Finding the Right Lawyer for Your Legal Problem

My biggest strength in negotiating is begging

(DGIwire)   It isn’t always easy finding the right lawyer for a person’s needs. If all one needs is a simple power of attorney while away on vacation, it isn’t necessary to hire a lawyer that charges $500 per hour. On the other hand, if there are substantial assets and a complicated set of business holdings, a person ought to care very much if they are hiring a lawyer with the knowledge and experience to accomplish an airtight family trust. The key is in hiring the right lawyer for the task at hand, and that means either getting a referral from a lawyer that is known and trusted or knowing how to interview ones that are not personally known to the potential client.

Interviewing a lawyer takes some advance preparation. According to Janet Sobel, author of Litigation – Insult to Injury: What Judges and Lawyers Know About the Legal System That You Don’t and longtime California attorney, people should give focused attention to their efforts to find and hire the right attorney. Mistakes in hiring the wrong lawyer can be ten times worse than whatever problem brought the person to hire the lawyer in the first place. Sobel explains that, “even award-winning, highly respected lawyers can make a mess of things, as is proven by cases that fill law libraries.” Before a person sets out to find a lawyer for an important legal matter, groundwork needs to be done. For one thing, Sobel says, “the person needs to understand what kind of legal help they need.” Only by understanding the nature of the legal assignment can the consumer ask lawyers to explain how they might go about handling the client’s case.

Besides needing to know what the lawyer will charge for his time, clients need to have an idea of the attorney’s philosophy towards dealing with the client. Lawyers in every state owe duties of care and loyalty to their clients, including to:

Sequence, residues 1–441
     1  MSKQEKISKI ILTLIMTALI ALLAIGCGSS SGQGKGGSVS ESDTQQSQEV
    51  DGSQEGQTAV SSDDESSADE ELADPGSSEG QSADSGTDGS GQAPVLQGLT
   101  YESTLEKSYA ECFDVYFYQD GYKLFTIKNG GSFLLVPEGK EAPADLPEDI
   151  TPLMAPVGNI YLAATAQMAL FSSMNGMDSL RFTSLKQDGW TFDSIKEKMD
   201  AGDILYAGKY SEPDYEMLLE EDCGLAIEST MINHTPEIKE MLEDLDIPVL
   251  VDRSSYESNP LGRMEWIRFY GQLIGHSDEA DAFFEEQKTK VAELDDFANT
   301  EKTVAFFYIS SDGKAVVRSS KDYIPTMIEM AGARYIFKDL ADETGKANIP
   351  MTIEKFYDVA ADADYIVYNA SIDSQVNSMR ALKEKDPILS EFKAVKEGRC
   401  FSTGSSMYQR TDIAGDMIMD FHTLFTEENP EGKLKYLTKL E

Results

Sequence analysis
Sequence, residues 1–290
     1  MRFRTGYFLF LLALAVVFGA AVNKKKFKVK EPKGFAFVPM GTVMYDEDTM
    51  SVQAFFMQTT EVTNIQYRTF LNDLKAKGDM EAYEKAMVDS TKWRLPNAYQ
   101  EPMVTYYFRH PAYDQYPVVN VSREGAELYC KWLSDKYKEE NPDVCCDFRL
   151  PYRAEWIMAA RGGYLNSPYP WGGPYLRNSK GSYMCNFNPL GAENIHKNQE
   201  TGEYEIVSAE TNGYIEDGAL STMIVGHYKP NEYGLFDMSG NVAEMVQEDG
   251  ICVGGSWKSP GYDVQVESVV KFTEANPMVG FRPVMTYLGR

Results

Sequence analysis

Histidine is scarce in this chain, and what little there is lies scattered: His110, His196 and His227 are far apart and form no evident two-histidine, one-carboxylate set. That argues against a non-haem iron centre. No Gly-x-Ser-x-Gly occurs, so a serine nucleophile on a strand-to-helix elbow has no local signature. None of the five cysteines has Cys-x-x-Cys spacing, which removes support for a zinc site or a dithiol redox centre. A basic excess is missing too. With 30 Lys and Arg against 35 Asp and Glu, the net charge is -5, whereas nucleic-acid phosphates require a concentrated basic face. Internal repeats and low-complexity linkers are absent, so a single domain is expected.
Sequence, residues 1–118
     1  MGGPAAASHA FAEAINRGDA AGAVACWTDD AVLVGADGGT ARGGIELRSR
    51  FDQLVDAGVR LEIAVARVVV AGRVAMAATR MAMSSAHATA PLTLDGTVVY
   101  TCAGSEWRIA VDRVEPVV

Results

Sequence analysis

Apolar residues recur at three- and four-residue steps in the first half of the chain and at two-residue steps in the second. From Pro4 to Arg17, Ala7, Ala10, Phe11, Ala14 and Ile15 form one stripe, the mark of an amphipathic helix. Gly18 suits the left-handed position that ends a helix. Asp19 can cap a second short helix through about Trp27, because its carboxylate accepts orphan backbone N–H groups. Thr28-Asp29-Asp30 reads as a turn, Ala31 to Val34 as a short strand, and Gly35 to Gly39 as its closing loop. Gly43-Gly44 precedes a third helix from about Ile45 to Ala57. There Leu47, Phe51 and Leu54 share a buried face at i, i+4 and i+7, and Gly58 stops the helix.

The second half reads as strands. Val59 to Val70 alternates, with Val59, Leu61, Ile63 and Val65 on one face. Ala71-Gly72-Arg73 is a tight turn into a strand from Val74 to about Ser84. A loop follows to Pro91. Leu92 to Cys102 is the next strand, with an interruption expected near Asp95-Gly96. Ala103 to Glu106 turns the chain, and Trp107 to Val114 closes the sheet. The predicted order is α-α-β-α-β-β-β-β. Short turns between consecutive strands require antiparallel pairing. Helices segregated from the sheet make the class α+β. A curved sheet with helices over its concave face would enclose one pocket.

• Keep the client informed about what is happening in the case. After all, it is the client’s case, and the client’s life, and the client is the Master of the attorney-client relationship.
  • Answer the client’s questions regarding things the lawyer is doing or not doing. Lawyers are not permitted to get huffy or defensive when questioned by the client. Every lawyer’s Emotional Intelligence Quotient is as important as their IQ.
  • Return the client’s phone calls and provide copies of documents in the case. The only way the client can know what is happening, or ask questions about the case, is to see the paperwork (including emails) that is being generated.
  • Provide periodic billing statements so the client can question the charges and catch errors before they get out of control.
  • Act as an “advisor,” giving sensible advice and an explanation of options. Clients are entitled to weigh all options, and the lawyer is the one to provide them.

If there is a problem that might lead to a court battle, clients should ask each lawyer they interview to explain how they will approach the resolution of the dispute. Some lawyers are simply better than others at promoting compromises through strategies such as mediation. Other lawyers take their clients for a wild ride, running up fees beyond what is necessary. Importantly, says Sobel, people should only hire lawyers after interviewing more than one and should select one they feel comfortable with. Hiring a lawyer can be as important as picking a companion. Finally, clients might consider hiring a lawyer for the express purpose of helping the client to find and hire the specialist. Sometimes that is the only way to do it right, because lawyers know what to look for, what questions to ask, and how to assess what they hear.

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